In searching for some new landscape-related links to explore, I stumbled across the blog for Design Trust for Public Space (aka I (heart) Public Space) and their 2005 publication High Performance Infrastructure Guidelines.
:: image via Design Trust
This “…detailed handbook describes practices for creating sustainable city streets, sidewalks, utilities, and urban landscaping. Following the acclaimed High Performance Building Guidelines, this sister publication launched a new era in the design and construction of public infrastructure.” Looks like another version, High Performance Landscape Guidelines, will be available in 2009.
This definitely has parallels with the Living Site and Infrastructure Challenge (Cascadia GBC), as well as the Sustainable Sites Initiative (ASLA) which is starting to broaden the discussion (and tools) for site-related sustainability.
Another more focused resource is an intriguing NYC-related blog, Sustainable Parks for the 21st Century – which holds promise, as: “…this project will provide the Parks Department with research and instruction in methodologies for the creation of high-performance park design, helping the City bring its 29,000 acres of parkland into the new millennium.”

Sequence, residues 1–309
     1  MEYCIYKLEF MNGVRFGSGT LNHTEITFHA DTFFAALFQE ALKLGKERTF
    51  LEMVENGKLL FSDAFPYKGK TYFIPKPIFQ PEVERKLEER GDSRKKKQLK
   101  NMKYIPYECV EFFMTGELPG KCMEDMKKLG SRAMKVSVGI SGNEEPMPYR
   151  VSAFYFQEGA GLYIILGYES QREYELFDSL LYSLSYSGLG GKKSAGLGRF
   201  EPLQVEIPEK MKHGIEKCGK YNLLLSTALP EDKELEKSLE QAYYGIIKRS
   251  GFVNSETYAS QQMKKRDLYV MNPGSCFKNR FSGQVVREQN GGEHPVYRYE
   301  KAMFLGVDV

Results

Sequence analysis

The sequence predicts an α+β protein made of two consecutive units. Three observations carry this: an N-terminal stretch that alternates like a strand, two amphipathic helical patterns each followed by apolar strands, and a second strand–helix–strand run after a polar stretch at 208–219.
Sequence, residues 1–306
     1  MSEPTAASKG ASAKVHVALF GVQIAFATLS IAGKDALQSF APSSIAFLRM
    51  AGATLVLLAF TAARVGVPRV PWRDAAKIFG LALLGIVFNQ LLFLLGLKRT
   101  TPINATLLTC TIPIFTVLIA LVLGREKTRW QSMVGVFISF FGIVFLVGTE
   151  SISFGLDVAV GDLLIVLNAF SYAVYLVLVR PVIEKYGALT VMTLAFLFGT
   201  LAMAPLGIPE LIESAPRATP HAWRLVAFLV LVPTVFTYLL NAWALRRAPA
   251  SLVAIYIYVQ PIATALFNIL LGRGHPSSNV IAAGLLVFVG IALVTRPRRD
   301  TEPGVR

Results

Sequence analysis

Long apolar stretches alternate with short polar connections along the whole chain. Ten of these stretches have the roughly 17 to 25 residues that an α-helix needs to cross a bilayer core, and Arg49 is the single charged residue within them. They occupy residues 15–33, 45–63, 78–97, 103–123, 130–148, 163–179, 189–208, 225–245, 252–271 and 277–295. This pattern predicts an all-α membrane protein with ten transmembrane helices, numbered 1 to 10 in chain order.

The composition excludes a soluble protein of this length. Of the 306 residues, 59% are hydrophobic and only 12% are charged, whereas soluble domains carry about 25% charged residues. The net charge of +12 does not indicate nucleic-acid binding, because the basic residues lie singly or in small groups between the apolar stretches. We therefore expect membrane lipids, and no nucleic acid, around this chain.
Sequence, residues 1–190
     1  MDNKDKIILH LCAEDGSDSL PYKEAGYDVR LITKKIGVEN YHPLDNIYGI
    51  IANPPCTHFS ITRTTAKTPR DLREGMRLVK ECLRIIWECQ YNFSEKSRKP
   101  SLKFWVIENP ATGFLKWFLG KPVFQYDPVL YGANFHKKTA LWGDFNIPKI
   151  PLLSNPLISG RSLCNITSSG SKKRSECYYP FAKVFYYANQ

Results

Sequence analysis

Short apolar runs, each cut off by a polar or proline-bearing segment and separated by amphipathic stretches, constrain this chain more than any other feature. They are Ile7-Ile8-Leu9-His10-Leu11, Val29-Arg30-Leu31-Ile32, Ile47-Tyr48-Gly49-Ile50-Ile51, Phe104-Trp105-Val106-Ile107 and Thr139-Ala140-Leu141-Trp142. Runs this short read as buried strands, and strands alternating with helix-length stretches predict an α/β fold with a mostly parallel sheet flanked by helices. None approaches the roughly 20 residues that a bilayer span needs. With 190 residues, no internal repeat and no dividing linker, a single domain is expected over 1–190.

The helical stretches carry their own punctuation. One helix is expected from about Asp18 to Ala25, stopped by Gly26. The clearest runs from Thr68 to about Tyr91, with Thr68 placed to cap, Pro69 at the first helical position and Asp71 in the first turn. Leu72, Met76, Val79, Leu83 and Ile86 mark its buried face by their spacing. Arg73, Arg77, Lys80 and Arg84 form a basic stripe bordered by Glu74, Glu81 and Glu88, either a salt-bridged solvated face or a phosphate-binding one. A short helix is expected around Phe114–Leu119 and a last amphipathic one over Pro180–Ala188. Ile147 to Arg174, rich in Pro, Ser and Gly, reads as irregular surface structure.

:: image via Sustainable Parks
And a little bit about the broad organization, via their site: “The Design Trust for Public Space is dedicated to improving the design, utility, and understanding of New York City’s parks, plazas, streets, and public buildings. As the only New York City organization devoted to bringing private sector expertise to bear on public space issues, we generate powerful working relationships that enrich the urban experience for all New Yorkers by making the city more sustainable, functional, and available to all.”
The landscape architecture profession definitely needs to push these boundaries of sustainable sites – and definitely communicate and collaborate with consistency – but also don’t place all of our eggs in one basket, such as the ASLA sponsored Sustainable Sites Initiative. I like the idea of regionalism, which is more appropriate for sustainability, versus a one-size-fits-all LEEDesque approach. What does a sustainable park look like in NYC, versus Portland, or Tucson? This is a great question. Are there consistent themes? Absolutely. Do these need to be refined and adapted to local places – including values, climate, and opportunities? Even more so. So I will read these documents for ideas, and look to apply them on this coast… looking forward to it.